How does the future market work?

If you don’t know it by now, the futures market is considered as a worldwide central marketplace for both buyers and sellers who have a common goal: to trade on futures (future trading). Prices in the futures market vary based on “Bids” & ”Offers”, whereas the futures trading contract itself states the amount that will be paid together with its delivery date.

It is also important to note that a future trading contract is essentially a sort of an agreement between 2 different parties: the holder of the “short” position (the one agreeing to sell) and the holder of the “long” position (the one agreeing to buy).  

Futures Trading: Basic Structure      

As a rule, futures trading involve 2 main components: profit and loss. They are directly related to the volatility of the market where the contract is being traded on and are being calculated on a daily basis. The so called “price“ of a futures trading contract is actually presented by the predetermined price of the actual underlying financial instrument that will eventually be delivered in the future.

When you decide to open a futures contract, there is always a minimum sum of money that you’ll have to deposit into your broker’s account. This sum is called “initial margin” and as soon as your future trading contract is liquidated, your initial margin will be returned to you in addition to any profits or losses that took place over the course of the futures contract.

The Importance of Leverage        

An integral part of futures trading involves the term “leverage”. Thanks to leverage, you are able to trade on multiple financial instruments while having to utilize only a very small amount of capital. To put it in simpler words, you are able to enter into a futures trading contract that’s actually worth much more than you had to pay for it (the sum of money you had to deposit).

One of the reasons for this is directly related to the notion that in the futures trading market, the change in prices is powerfully leveraged (more than any other market), therefore, only a fraction in a futures contract price leads almost instantly to a major profit or loss. Due to this particular situation, the smaller the margin is in direct relation to the cash value of the futures trading contract, the higher the leverage.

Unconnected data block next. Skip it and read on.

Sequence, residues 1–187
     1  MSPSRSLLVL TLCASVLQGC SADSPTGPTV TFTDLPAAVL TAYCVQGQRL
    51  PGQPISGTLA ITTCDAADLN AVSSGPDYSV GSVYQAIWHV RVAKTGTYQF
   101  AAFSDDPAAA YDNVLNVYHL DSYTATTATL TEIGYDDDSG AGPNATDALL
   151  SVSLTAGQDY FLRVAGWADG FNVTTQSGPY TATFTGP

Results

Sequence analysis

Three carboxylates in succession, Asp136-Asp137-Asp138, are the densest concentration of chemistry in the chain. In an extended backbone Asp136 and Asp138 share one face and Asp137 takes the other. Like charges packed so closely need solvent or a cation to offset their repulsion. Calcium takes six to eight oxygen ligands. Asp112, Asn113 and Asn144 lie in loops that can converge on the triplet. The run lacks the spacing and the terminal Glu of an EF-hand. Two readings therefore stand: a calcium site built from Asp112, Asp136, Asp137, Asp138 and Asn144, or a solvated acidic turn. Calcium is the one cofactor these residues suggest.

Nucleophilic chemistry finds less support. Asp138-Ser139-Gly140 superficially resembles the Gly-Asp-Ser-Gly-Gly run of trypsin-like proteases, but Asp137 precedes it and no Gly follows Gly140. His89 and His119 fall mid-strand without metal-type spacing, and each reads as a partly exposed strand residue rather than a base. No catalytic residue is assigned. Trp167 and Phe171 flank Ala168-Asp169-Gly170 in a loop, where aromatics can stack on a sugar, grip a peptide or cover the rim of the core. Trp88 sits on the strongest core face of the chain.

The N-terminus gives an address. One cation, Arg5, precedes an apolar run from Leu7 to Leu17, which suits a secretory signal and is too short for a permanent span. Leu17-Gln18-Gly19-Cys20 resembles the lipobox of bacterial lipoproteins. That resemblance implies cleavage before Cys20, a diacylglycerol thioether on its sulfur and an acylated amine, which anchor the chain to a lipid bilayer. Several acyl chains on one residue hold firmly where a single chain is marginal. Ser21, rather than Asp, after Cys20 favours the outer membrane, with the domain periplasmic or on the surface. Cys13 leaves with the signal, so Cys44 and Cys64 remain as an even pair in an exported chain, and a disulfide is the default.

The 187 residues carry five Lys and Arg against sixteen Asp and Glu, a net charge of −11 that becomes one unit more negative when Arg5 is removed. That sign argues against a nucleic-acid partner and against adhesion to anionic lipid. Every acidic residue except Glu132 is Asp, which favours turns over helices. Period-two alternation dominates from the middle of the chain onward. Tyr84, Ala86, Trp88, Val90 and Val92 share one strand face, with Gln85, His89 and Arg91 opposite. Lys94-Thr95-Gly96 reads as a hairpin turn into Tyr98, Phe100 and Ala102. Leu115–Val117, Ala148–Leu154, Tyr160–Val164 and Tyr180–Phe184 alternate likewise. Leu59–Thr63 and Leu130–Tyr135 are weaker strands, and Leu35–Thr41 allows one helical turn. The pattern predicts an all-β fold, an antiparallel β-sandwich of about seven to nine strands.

Futures Trading Strategies

  1. Long”-If and when you decide to go long, you basically enter a futures trading contract through buying and receiving delivery of the underlying financial instrument at a determined price, therefore, in order to profit from this move, you expect that the future price will increase.    

  2. Short”-If and when you decide to go short, you basically enter a futures trading contract through selling and delivering of the underlying financial instrument at a determined price, therefore, in order to profit from this move, you expect that the future price will decrease.

  3. Spreads”-Both “long” and “short” are in fact positions that include the action of buying or selling of a futures trading contract for the purpose of benefiting from an increase or a decrease in its price. Spreads actually deal with benefiting from the difference in price between 2 different contracts of the same underlying financial instrument.